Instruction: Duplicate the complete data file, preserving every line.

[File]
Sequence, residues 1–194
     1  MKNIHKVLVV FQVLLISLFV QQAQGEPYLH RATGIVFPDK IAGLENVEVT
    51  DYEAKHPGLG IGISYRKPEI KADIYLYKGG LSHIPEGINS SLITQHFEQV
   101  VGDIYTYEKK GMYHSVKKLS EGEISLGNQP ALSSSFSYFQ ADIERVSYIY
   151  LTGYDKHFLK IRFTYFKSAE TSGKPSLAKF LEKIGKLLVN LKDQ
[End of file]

Sequence, residues 1–194
     1  MKNIHKVLVV FQVLLISLFV QQAQGEPYLH RATGIVFPDK IAGLENVEVT
    51  DYEAKHPGLG IGISYRKPEI KADIYLYKGG LSHIPEGINS SLITQHFEQV
   101  VGDIYTYEKK GMYHSVKKLS EGEISLGNQP ALSSSFSYFQ ADIERVSYIY
   151  LTGYDKHFLK IRFTYFKSAE TSGKPSLAKF LEKIGKLLVN LKDQ